Monday, October 25, 2021

The Trouble with Normal

As I've gotten older, I've worried about my memory.  As far as I can tell, it hasn't gotten much worse.  I've always had trouble with some names, and when I catch myself fretting I remind myself that in my 30s I sometimes made large to-do lists that I'd tape up on the door before going to bed so I'd see them as I left my apartment each morning.  I don't feel the need to do that now.

If anything, I think other people need to worry more about their memories.  I quoted this in a post on this blog eleven years ago, for example:

At "Mechanical Devices, which supplies parts for earthmovers and other heavy equipment to manufacturers such as Caterpillar Inc., part owner Mark Sperry says he has been looking for $13-an-hour machinists since early last year," the Journal reports. Thirteen dollars an hour, 40 hours per week, 50 weeks per year—that comes to an annual salary of $26,000. (In the adjacent Peoria, Ill., metropolitan area, per capita income was $39,965 in 2008.) Or take Emirates Airlines. When it held jobs fairs in cities like Miami and Houston, only about 50 people showed up, "compared to a global average of about 150 and as many as 1,000 at some events in Europe and Asia." The jobs don't require much in the way of education, and they come with benefits, free accommodations, and a starting salary of $30,000. But you'd have to move halfway around the world, to Dubai—an alien and expensive place. Would you uproot yourself and your family for $30,000 a year? Don't you think both of these employers would find many more interested applicants if they offered higher wages? 

That should sound familiar.  We're hearing roughly the same complaints about lazy Americans who "don't want to work" right now, from media and individuals who think that society owes employers not just a living but ever-increasing profits.  The pandemic blew a huge hole in people's mental space, and I keep hearing talk about "returning to normalcy" almost every day.  They have evidently forgotten a theme that even the corporate media played before 2020, about Americans "living paycheck to paycheck," that a sizable minority didn't have enough savings to cope with a thousand-dollar emergency, or even less.  Sometimes those concerns still surface in news reports, but always as artefacts of the pandemic and its effects in the economy, rather than issues that have been with us for decades.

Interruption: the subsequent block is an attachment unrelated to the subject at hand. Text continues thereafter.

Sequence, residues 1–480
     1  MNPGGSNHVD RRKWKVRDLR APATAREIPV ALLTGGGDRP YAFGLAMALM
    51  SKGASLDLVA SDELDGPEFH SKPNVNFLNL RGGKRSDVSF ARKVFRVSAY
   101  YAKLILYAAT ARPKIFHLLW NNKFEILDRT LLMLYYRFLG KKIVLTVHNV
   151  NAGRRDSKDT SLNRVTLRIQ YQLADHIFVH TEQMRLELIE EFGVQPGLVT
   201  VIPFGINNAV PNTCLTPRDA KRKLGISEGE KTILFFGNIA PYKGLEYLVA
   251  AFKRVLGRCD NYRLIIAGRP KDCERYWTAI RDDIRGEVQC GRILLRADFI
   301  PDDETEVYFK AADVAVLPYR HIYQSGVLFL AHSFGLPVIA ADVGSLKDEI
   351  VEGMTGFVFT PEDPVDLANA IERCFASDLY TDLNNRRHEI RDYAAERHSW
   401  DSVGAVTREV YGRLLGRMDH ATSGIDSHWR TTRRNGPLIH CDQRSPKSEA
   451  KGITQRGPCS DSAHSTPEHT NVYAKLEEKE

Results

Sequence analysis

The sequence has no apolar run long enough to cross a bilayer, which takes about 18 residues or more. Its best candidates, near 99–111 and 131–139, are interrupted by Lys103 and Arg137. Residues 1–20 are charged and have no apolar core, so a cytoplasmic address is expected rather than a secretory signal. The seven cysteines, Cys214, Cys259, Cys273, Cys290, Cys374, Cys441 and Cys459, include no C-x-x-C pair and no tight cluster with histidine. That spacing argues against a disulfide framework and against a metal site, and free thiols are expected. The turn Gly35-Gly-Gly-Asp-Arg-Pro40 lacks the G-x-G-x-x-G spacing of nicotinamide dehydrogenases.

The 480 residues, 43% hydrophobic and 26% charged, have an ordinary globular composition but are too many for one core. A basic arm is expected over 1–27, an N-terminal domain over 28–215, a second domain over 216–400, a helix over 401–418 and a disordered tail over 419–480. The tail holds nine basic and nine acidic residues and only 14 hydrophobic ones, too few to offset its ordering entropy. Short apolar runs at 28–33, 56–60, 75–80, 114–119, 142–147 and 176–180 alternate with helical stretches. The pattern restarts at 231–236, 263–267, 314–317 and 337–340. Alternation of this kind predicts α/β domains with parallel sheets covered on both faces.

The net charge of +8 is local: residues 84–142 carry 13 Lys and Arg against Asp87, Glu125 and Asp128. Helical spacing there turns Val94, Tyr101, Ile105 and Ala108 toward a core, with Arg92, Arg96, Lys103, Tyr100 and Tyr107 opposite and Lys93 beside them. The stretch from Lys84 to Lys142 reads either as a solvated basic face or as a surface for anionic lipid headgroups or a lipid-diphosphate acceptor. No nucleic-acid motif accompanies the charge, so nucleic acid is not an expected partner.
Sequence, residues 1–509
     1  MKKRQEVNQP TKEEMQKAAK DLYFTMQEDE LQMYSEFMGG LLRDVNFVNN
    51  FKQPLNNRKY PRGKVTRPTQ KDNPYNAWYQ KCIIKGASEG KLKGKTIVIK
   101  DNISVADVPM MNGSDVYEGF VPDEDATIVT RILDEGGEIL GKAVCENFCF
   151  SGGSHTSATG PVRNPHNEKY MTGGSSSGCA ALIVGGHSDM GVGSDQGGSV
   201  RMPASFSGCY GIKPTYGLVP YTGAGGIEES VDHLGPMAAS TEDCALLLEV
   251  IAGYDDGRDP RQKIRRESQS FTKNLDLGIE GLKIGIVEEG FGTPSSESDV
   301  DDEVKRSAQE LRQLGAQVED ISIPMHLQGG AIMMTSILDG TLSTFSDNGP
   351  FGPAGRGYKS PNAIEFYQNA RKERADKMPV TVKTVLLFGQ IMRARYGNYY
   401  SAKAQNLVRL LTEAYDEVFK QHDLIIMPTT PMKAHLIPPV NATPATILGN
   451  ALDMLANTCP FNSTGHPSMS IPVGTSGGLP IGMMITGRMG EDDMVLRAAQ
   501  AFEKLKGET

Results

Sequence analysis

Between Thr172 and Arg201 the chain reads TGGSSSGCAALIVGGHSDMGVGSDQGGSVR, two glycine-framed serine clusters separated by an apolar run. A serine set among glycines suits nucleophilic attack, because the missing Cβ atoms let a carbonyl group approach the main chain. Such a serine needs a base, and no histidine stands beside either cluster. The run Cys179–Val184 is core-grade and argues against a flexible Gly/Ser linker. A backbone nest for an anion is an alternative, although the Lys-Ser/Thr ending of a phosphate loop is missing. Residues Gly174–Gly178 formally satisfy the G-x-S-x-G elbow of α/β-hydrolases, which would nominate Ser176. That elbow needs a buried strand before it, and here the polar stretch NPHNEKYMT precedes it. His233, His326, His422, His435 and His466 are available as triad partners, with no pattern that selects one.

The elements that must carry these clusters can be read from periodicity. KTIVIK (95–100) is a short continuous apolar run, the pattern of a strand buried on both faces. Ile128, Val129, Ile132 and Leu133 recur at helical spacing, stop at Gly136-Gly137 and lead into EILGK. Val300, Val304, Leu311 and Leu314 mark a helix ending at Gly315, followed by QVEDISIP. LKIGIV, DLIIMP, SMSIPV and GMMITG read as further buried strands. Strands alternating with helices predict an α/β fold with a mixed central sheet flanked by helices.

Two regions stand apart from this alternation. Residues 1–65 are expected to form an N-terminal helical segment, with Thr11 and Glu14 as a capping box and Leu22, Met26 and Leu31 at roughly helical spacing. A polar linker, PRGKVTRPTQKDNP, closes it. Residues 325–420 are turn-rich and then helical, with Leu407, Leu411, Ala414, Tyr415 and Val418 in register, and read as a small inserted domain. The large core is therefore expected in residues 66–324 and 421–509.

Just a few weeks ago I was talking to a local bartender in her 30s.  She complained about the shortage of service workers in town, adding that people don't want to work, and blamed it on the additional unemployment benefits of the pandemic.  I pointed out that those extra payments had ended a month before, and reminded her about the paycheck to paycheck theme from before the pandemic; she said she remembered that, and looked thoughtful.   I told her about the great increase in people starting their own businesses in 2020, the increase in retirements, and so on, which she hadn't known about. 

Myself, I also remember that in the 1980s, after Ronald Reagan drove unemployment up to Great Depression levels to stop inflation, I heard breathless reports about the jobs recovery and dropping unemployment rates.  It was less often acknowledged in corporate media that the new jobs were mostly low-wage no-benefits gigs, often only part-time, so that many people were working two or more jobs to get by.  When it was admitted, it was usually in the context of an end to the fat, entitled post-World War II years, that American workers had become spoiled and took for granted that a man could support a family on his wages alone.  In fact wages had been stagnating since the 1970s, but Reagan, and Clinton after him, accelerated that trend.  It continued through the Bush, Obama, and Trump years until the COVID pandemic arrived.

That, I suppose, is the "normal" we're supposed to return to.  I'm glad that so many people remember it, and don't want to go back.  I'm not very surprised that corporate news media, whose job it should be to remember the recent past, have forgotten it; a lot of people never knew it, but the media reported the facts now and then.  That's why I rely on left media, who do the job so much better.